Gli effetti degli accordi, se si sono ridotti gli ingressi dalla Turchia, stanno aumentando i campi di detenzione informale in Grecia, e gli Hotspot, piuttosto che facilitare la relocation  verso altri paesi europei, si sono trasformati in grandi campi di concentramento.



Aumentano i dubbi sull'operato di Frontex, con particolare riferimento alle operazioni di rimpatrio collettivo.

Is the EU-Turkey refugee and migration deal a treaty?

Maarten den Heijer*, Thomas Spijkerboer**

*Assistant professor of international law at the Universiteit van Amsterdam
**Professor of migration law at the Vrije Universiteit Amsterdam.

In the European Parliament, questions were asked about the legal nature of the EU-Turkey Statement of 18 March, pursuant to which Greece has started to return asylum seekers to Turkey this week. Apparently, the EU’s procedure for negotiating and concluding treaties with third countries, laid down in in Art. 218 TFEU, has not been followed. The European Parliament wants to know whether the Council nonetheless considers the Statement to be a treaty, and, if not, whether Turkey has been informed about the non-binding nature. Importantly, for treaties “covering fields to which the ordinary legislative procedure applies”(asylum and immigration is such a field), the Council may only conclude a treaty with a third country after obtaining consent of the European Parliament (Art. 218(6)(a)(v) TFEU).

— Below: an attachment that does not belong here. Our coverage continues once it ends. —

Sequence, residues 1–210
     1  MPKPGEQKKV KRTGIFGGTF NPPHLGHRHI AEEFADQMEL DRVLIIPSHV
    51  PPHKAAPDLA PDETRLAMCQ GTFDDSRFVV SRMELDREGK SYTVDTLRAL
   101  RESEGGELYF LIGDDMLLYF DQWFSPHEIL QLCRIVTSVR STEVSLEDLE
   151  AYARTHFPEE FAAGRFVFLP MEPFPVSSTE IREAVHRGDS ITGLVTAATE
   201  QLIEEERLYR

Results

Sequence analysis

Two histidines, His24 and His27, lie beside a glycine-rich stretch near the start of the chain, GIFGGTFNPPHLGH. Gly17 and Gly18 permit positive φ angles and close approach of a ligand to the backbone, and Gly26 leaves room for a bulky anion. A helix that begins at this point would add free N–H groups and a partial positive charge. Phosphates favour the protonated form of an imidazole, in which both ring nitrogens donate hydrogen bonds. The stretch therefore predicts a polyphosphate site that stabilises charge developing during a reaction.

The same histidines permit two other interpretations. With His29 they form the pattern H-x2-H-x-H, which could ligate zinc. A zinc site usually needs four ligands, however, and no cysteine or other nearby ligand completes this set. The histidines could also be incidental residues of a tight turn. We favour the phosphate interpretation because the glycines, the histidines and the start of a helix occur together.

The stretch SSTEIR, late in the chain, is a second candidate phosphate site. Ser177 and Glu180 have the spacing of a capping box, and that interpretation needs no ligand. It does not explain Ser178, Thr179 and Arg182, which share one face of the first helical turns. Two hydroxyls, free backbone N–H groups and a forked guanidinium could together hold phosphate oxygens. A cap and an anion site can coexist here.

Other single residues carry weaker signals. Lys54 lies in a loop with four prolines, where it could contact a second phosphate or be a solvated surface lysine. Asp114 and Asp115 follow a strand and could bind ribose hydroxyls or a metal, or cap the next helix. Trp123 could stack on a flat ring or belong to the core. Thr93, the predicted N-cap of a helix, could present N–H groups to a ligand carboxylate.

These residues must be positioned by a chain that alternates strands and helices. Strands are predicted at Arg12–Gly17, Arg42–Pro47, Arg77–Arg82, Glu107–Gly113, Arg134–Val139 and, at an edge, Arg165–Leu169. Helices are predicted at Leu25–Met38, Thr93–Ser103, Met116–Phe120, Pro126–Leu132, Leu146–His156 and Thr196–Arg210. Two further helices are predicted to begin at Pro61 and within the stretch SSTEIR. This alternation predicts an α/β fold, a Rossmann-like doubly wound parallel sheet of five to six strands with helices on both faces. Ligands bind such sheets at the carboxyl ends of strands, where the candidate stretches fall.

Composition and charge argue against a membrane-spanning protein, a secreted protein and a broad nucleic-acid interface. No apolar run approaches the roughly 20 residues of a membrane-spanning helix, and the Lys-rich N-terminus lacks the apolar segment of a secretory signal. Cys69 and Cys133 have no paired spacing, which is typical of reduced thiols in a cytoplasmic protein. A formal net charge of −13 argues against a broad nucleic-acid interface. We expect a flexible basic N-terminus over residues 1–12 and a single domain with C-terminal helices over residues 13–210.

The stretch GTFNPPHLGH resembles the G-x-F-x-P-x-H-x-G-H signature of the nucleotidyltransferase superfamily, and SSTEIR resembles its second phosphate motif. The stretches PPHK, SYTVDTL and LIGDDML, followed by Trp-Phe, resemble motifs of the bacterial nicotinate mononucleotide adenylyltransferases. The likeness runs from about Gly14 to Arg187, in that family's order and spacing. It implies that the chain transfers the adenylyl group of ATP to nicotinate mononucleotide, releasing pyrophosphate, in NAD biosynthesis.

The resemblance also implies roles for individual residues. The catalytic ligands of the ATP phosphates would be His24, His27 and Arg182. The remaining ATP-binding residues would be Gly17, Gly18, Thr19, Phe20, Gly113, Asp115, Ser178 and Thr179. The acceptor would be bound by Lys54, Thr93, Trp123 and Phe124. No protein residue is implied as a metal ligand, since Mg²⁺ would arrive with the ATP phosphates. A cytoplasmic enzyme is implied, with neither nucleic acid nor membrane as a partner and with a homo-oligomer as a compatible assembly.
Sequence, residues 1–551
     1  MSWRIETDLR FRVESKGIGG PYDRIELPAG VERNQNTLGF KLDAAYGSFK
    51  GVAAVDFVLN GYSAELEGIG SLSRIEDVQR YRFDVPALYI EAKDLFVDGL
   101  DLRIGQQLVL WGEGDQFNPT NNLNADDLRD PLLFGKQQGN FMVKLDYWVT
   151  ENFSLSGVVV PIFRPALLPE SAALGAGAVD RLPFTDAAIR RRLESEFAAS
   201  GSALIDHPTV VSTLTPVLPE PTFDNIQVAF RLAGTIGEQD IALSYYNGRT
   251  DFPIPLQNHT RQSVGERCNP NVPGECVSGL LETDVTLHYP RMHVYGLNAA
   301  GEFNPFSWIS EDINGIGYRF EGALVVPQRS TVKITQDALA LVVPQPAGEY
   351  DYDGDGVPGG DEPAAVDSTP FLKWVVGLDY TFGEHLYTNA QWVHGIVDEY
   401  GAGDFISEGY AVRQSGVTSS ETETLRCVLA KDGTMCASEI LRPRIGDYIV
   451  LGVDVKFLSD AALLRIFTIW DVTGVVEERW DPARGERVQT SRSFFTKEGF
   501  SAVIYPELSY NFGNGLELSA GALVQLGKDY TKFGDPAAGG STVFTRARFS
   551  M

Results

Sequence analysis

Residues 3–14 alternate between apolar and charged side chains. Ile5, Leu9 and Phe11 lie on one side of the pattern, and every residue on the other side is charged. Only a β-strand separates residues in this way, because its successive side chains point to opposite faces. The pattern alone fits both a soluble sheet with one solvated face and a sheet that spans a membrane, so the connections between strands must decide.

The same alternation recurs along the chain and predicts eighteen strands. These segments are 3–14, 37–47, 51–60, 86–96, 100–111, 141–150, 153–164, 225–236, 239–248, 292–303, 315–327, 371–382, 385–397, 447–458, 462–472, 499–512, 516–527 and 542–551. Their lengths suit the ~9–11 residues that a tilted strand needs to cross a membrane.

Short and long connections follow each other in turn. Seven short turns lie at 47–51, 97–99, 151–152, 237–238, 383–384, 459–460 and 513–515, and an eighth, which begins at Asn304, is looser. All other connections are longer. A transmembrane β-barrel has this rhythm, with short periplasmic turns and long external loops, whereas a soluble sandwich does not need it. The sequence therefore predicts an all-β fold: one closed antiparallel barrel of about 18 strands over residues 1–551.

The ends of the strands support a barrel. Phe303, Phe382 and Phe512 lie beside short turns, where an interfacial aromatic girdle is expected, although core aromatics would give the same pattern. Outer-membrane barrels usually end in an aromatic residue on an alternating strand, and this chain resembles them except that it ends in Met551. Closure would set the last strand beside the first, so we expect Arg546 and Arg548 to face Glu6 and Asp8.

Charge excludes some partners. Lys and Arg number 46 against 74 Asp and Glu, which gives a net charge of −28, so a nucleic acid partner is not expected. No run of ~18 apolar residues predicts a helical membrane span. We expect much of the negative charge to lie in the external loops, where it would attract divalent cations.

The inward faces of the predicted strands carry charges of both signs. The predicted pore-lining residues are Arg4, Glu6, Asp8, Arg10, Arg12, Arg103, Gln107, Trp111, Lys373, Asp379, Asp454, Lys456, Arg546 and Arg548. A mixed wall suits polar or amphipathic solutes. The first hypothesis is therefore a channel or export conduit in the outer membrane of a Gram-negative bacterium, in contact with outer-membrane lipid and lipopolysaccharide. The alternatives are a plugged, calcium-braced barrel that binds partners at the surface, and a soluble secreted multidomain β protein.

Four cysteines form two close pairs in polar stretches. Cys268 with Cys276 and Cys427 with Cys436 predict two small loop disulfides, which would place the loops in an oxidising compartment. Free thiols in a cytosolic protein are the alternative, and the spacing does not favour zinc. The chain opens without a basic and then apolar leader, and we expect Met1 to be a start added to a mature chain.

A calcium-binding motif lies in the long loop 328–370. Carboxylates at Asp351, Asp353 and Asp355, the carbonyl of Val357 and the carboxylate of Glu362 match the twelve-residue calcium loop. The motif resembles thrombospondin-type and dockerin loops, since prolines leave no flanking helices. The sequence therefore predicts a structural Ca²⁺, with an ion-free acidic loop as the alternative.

It seems that legal experts of the Commission and the Council have identified the issue. Shortly after the EU-Turkey Statement, the Commission proposedto amend the Relocation Decisions relating to Italy and Greece, in order to transfer some of the relocation commitments concerning asylum seekers arriving in Italy and Greece to Syrians in Turkey. The proposal appears to contradict the view that the EU-Turkey Statement of 18 March did not intend to produce legal effects. However, in consideration 4 of the proposal’s preamble, the presented rationale for the amendment is the Statement of the EU Heads of State or Government of 7 March 2016, in which the Members of the European Council (and not Turkey) agreed to work towards the Turkish proposal of resettling,“for every Syrian readmitted by Turkey from Greek islands, another Syrian from Turkey to the Member States, within the framework of the existing commitments”. The Commission would seem to be navigating around the EU-Turkey Statement as the ground for amending the 22 September Council Decision, possibly fearing that to do otherwise may lend support to the argument that the Statement is, in fact, a treaty.

It could be argued that the statement is not a treaty in the meaning of the Vienna Convention on the Law of Treaties or an international agreement in the meaning of Article 216 TFEU, precisely because it is merely a “statement”. This is the view of